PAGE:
It's time to talk plate carriers. They're some of the most popular pieces of ballistic body armor out there for military, law enforcement, and civilians, and they're one of the biggest top-sellers from the Bulletproof Zone body armor collection.
There are so many types and styles of plate carriers that it can seem impossible to know where to begin when considering one for yourself. If you haven't already checked out the top 11 plate carriers for 2021, now is a good time! But what about all the other questions you may have about plate carriers?
In this article, we've got you covered on everything you'll ever need to know about this key piece of bulletproof equipment: what plate carriers are, why you'd want one, how to set them up and care for them, and showcase some of the best ones we've got in 2021!
Plate carriers - the basics
What is a plate carrier?
A plate carrier (or PC) is a kind of bulletproof vest, and a bulletproof vest is a piece of body armor. That's the short and sweet answer.
What are the different uses for a plate carrier?
First and foremost, a plate carrier is for protection: it can resist penetration from ammunition. Obviously that's a major boon in combat or any other shooter situation.
PCs don't make you invincible. No body armor does that. But they are designed keep you alive long enough to call for medical aid.
Another important advantage of plate carriers is they allow you to carry your tactical gear on the outside of your body within easy reach.
When bullets are flying, time is everything. If you have to stop and dig in a rucksack for something you need immediately, at best you're taking yourself out of the fight for a moment. At worst, you're taking yourself out of it permanently.
That's why plate carriers are used by the military and law enforcement.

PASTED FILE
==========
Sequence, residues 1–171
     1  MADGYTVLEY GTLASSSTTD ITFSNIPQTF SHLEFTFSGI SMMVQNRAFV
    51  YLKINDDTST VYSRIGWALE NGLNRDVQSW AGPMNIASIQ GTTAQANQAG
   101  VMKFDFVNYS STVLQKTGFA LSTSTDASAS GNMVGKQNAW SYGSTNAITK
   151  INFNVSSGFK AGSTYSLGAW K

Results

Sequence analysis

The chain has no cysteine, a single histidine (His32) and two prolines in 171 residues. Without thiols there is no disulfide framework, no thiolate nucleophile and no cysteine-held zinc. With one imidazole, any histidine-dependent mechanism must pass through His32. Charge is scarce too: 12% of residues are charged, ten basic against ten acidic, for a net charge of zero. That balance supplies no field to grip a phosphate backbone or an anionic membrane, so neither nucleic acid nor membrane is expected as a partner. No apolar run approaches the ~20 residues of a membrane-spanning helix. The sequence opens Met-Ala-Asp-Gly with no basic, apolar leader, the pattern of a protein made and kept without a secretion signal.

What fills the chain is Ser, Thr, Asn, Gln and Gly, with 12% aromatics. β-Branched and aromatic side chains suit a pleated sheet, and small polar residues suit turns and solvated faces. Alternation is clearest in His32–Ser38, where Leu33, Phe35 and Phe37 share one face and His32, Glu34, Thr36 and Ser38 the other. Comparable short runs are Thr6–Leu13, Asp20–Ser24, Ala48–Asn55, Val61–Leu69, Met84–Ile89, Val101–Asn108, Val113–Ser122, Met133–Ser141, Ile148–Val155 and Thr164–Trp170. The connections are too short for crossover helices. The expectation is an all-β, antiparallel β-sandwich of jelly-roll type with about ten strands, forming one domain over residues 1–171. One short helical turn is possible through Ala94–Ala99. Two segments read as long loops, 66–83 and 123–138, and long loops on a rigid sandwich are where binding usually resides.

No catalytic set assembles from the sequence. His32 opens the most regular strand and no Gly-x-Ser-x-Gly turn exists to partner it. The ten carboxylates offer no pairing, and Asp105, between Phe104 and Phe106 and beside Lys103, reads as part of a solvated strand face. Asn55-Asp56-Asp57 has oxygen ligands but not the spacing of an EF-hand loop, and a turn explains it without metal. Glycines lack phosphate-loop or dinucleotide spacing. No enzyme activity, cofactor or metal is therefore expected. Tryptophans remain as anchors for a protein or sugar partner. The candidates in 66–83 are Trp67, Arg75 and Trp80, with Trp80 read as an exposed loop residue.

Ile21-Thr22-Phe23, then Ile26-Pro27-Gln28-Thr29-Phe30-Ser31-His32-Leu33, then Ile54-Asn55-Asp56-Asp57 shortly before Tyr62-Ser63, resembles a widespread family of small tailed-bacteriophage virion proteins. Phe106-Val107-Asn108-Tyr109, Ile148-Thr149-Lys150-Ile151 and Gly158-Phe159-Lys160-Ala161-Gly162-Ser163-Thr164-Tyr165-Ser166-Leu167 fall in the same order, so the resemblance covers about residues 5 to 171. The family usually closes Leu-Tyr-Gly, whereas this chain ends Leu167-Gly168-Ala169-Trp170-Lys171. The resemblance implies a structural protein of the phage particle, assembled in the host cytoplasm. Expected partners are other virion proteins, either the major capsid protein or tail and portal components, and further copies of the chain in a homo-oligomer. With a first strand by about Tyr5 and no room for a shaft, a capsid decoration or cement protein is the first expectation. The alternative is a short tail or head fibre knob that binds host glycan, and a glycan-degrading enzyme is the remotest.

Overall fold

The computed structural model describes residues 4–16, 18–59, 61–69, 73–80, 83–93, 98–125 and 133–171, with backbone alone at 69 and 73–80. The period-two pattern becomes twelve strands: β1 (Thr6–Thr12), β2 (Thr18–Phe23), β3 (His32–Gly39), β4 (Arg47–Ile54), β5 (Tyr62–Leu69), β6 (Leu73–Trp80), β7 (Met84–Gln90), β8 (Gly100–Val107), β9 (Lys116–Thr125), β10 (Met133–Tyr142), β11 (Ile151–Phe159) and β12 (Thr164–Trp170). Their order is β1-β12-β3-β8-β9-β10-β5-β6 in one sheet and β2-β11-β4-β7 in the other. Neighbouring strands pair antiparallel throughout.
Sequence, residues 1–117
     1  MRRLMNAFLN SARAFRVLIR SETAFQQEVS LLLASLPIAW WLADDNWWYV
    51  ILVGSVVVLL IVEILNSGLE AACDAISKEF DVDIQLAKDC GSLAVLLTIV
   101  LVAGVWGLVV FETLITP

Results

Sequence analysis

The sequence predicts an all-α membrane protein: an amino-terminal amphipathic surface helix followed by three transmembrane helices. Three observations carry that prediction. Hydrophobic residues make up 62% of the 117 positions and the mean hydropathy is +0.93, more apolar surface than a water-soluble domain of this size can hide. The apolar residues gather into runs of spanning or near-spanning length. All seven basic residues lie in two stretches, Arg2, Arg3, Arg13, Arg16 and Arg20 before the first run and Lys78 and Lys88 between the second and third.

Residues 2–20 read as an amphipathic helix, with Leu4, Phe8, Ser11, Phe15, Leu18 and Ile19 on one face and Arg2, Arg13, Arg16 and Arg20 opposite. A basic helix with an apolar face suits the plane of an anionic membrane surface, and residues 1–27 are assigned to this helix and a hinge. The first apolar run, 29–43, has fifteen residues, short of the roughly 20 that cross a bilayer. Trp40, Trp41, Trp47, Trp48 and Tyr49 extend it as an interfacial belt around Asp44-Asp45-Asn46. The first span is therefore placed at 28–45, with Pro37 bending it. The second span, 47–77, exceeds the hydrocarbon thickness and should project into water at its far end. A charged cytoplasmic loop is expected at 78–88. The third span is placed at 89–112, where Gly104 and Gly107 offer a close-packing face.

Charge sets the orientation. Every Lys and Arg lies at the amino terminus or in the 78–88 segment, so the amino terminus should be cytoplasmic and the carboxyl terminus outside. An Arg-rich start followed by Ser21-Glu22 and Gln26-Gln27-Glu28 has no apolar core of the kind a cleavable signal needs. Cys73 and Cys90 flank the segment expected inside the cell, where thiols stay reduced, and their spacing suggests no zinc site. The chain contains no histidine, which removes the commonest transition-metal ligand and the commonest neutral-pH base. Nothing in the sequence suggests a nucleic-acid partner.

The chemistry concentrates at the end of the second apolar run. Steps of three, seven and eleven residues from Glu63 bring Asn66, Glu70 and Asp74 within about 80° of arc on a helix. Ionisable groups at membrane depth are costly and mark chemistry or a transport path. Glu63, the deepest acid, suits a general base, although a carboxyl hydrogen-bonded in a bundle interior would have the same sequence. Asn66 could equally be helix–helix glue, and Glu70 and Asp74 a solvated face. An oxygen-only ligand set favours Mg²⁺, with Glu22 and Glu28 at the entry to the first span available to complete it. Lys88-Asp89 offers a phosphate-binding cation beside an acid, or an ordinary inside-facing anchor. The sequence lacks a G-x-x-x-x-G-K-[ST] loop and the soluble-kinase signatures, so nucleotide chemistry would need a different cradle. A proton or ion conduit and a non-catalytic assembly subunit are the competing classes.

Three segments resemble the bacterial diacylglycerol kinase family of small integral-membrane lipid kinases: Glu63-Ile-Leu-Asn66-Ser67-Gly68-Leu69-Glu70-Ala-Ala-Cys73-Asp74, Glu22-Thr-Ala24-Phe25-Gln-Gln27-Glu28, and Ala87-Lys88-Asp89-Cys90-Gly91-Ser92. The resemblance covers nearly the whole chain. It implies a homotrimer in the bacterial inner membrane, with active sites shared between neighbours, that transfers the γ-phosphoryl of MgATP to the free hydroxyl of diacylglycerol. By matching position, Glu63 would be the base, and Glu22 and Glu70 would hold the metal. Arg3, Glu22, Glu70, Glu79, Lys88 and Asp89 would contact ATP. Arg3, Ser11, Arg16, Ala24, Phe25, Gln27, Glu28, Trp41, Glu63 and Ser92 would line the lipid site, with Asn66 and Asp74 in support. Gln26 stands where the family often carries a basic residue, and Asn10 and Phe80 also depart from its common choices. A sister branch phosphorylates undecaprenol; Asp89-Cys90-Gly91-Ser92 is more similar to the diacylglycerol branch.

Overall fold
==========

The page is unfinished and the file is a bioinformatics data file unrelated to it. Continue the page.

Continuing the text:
What are the different types of plate carriers?
You've got four main tiers of PCs in terms of overall size/bulk and load-bearing capability.
- "Slick "- the sleekest end of the spectrum. Concealable and not meant to bear loads.
- Minimalist/low profile- for carrying only essentials. Holds around 10-25 lbs.
- Standard- most carriers fall into this category. Usually the best choice for most tactical work. Holds 20-35 lbs.
- Armor chassis - the biggest and bulkiest PCs for over 35 lbs. of gear.
If you have a slick PC with no provisions for pouches, a great option is a chest rig. Chest rigs provide no ballistic resistance themselves, but they're great if you need the pouches, attachment points, etc. of a standard plate carrier.
What is a plate carrier made of?
The plates are typically steel, ceramic, polyethylene, or a blend of two or more of these, plus a soft armor material like Kevlar. Each of these materials has its advantages.
Steel is the tried-and-true standard, but ceramic is becoming more widespread, partly because of its lighter weight.
Polyethylene (UHMWPE) is a fun one. It can take multiple hits, is lighter than steel or ceramic, but it's going to cost you a pretty penny more than the others.
The carrier portion of PCs is typically made of materials like nylon or strong denier polyester and doesn't resist bullets.
What is the difference between a plate carrier and a bulletproof vest?
Plate carriers are different from soft body armor vests (aka "composite body armor" or "Kevlar vests") in terms of design, protection level, and functionality.
One is not "better than" the other, but one is better for you.
Hard armor plates vs. soft armor panels
As the name suggests, a plate carrier consists of plates, such as the Legacy Lightweight Level III Polyethylene Body Armor Plate above, which are inserted into the pockets of a specially-made carrier vest, like the Condor MOPC plate carrier pictured below.